Just looking at the Tioga Edge 22 front-specific MTB tire, I felt like its unique tread pattern should do what Tioga claimed it would – provide excellent cornering traction from initial onset to full lean. I was stoked to put one to the test, and pleased to find that it does grip extremely well in all kinds of corners.

I didn’t have a long time to test the Edge 22, but I got lucky with the weather and was able to gauge the tire’s performance in sloppy mud, in ideal ‘after the rain’ conditions, and on dry dirt. I wasn’t surprised to find the tire biting hard into any berm or corner on all my rides. The impressive thing is, the Edge 22 also brakes very well, rolls fast and tracks well over wet technical features. For specs and technical details on the Edge 22, check out my announcement article here. In this review, we’ll discuss how the tire handles on the trails.

The Edge 22 is available in 27.5×2.5” and 29×2.5” sizes, both of which feature Tioga’s Synergy Dual Compound rubber (firmer in the middle, softer on the sides). The model I was riding was the 27.5” Magnum 120tpi version.

My first test ride with the Edge 22 was on a muddy day in Squamish, B.C., where I started on slippery technical trails and finished on a smooth machine-built jump line. The technical trails I rode were greasy enough that any tire would have been challenged that day. It was hard to get a precise feel in the muck, but I could tell the Edge 22 had good braking traction and solid steering grip.

On this 31.5mm wide rim, the Edge 22 produces a pretty round profile. The tire is optimized for rims with inner widths between 30-35mm.

When I hit the jump line’s butter-smooth berms, I could tell right away the Edge 22 was biting in really well. I also noticed the tire provides a very smooth transition as you lean into and out of corners. When you ride in a straight line, you ride on the inner cornering knobs like you would normal center knobs. When you lean the bike over, those inner knobs do a great job of seamlessly rolling you into the sweet spot where you’re sitting on both rows.

Feeling a ton of grip from the Edge 22, I railed down the rest of the muddy trail as fast as possible. I almost thought the ideal trail conditions were fooling me, but I was soon convinced Tioga’s design was achieving exactly what they claimed it would.

As soon as you start to lean, your weight sits on the inner row of the Edge 22’s knobs. Tioga claims the tire will provide great grip as you initiate a turn, and I found this held true. As you lean over further, both rows of knobs grab the trail surface. In the muddy berms, the Edge 22’s traction was noticeably great. While you don’t feel the knob-to-knob transitions as you lean, I could tell when both rows of knobs were in action simply due to the excellent traction. Pushing hard through the berms, I felt solidly planted and easily kept my front wheel on line despite the slippery conditions.

Two days later, I got another chance to ride in almost opposite conditions. My home town of Pemberton, B.C. was much drier, even dusty in spots, and the tire proved to grip all trail surfaces quite well.

Does it flow?

With the Edge 22’s cornering capabilities in mind, I hit the local flow trail. On this ride I was further convinced Tioga has cooked up something that really works. Like the previous ride, I really could feel solid initial bite and the benefit of having two rows grabbing the trail when the bike leans further… even on much firmer dirt than my first ride. Tioga definitely positioned the knobs correctly, as you sit right on both rows in just about any corner; you don’t have to drag your handlebars to enjoy the Edge 22’s awesome traction.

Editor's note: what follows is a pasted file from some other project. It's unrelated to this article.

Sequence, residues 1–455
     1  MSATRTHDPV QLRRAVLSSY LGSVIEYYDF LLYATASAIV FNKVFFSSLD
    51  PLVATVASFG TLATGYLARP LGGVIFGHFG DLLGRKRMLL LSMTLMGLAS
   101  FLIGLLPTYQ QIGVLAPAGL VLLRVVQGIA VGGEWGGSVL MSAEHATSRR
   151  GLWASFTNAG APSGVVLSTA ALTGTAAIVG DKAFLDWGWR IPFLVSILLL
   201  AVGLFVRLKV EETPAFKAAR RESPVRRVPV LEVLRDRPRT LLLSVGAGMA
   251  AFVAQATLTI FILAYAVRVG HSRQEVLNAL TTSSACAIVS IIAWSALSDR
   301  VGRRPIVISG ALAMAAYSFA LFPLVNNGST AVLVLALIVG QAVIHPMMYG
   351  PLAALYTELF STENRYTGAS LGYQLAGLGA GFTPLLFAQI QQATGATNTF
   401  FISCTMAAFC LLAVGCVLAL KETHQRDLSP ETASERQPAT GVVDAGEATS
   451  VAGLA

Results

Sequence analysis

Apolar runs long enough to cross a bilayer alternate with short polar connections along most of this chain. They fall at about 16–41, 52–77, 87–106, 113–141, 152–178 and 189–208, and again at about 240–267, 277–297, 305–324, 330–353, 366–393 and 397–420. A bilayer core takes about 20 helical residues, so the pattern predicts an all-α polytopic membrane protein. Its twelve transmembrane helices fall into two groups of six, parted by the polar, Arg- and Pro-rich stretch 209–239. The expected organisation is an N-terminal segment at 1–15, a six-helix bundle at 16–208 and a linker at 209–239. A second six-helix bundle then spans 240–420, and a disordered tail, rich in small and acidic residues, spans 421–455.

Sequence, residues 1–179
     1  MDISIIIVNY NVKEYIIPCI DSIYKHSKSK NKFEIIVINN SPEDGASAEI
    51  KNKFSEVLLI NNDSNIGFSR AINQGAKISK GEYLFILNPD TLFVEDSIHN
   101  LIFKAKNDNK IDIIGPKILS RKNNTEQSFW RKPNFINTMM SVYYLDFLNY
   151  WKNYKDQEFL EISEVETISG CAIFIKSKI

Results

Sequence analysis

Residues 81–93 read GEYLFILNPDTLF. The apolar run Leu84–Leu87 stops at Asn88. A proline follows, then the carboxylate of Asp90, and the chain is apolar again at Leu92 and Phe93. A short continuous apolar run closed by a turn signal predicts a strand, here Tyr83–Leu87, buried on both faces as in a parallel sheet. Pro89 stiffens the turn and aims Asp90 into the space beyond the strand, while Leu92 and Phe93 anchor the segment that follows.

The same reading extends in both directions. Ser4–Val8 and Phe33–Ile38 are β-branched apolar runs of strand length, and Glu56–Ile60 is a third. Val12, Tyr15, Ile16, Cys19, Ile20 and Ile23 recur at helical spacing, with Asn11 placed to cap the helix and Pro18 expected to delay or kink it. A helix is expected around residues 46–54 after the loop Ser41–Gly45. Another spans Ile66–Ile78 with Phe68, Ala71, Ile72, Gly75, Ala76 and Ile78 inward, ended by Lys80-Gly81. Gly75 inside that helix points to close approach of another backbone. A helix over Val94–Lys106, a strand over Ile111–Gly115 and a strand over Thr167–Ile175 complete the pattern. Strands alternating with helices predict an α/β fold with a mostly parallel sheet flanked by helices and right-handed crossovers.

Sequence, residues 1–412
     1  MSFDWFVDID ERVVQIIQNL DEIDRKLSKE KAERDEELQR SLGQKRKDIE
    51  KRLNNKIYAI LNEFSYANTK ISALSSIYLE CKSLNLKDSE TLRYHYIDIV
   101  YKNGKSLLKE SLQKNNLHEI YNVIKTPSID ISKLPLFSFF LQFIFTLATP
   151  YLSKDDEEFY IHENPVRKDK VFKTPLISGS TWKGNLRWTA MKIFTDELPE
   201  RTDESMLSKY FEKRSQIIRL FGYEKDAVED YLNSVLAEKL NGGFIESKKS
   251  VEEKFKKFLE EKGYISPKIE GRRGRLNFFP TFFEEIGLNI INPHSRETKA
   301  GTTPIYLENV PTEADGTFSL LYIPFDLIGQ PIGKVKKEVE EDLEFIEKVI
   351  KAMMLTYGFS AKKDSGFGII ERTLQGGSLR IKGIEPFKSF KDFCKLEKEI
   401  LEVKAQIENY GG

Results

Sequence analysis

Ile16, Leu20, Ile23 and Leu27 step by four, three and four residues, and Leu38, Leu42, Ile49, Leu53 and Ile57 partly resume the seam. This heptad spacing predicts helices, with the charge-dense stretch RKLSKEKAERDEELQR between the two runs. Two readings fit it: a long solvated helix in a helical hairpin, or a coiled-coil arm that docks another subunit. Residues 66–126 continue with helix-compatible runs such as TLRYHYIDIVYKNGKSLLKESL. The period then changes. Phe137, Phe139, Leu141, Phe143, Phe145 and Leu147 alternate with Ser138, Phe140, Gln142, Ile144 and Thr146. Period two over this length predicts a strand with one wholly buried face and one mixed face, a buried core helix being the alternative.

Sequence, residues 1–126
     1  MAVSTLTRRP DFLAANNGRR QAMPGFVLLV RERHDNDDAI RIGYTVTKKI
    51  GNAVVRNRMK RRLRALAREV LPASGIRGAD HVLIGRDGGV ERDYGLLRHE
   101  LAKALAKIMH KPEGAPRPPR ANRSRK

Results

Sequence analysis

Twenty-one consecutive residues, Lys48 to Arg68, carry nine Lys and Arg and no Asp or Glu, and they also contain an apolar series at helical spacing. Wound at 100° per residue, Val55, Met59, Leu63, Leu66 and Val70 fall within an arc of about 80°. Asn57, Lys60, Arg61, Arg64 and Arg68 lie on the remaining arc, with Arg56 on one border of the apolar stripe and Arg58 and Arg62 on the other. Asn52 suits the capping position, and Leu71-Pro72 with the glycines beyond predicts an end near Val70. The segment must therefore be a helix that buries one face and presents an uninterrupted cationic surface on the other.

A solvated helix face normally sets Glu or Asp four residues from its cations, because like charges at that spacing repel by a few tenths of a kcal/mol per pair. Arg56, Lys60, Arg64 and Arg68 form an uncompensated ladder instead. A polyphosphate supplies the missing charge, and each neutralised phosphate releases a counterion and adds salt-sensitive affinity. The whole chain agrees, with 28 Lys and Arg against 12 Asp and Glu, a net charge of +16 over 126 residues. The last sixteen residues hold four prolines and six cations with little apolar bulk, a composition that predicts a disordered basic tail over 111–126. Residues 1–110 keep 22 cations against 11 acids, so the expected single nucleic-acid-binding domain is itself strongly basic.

At this point I was sold on the Edge 22’s cornering performance on smoother dirt lines, so I took the tire to a rocky, rooty, high-speed trail immediately after it rained. This particular trail has a lot of off-camber roots that try to knock you off your line, and a bunch of rocky sections as well. Despite the wet conditions the Edge 22 did a fine job of glancing over the slippy roots and rocks (and that’s compared to the 3C Maxxis Minion DHF I was running prior to this test). I wanted to know if there were any sacrifices to consider in exchange for the tire’s excellent cornering, and I was happy to find there really aren’t.

Brakes hard, rolls fast

I made a point of locking up my front brake several times, and the Edge 22 bit the dirt hard. You might assume the bare mid-section of the tire would not allow for good braking power, but the inner knobs actually bite quite well. The backsides also angle inwards slightly, trapping dirt into the tire’s middle instead of filtering it out to the sides. The knobs’ shape combined with their firmer compound rubber made for solid, dependable braking despite the complete absence of center knobs.

With no center knobs, the Edge 22 also rolls along the trail eagerly. The tire’s firmer middle rubber helps reduce rolling resistance, and on straight sections of trail you’re riding on just the inner knobs. The knobs all have ramped front edges, and their slim but long shape provides all the traction you need with minimal surface area on their front sides to slow things down.

The 27.5×2.5″ 120tpi Edge 22 weighed up as listed at 930g (The weight was updated on Tioga’s website since my announcement article was published, claiming an anticipated 920g).

It didn’t take long to convince me that Tioga’s Edge 22 offers excellent cornering traction. While this tire’s main benefit is blatantly noticeable on good dirt, the icing on the cake was discovering there isn’t any notable sacrifice in the other key departments of tire performance – rolling resistance, braking power and traction on slippery roots and rocks. My test is over, but I’m not pulling the Edge 22 off my bike anytime soon! The front-specific Tioga Edge 22 MTB tire retails for $65.

TiogaUSA.com

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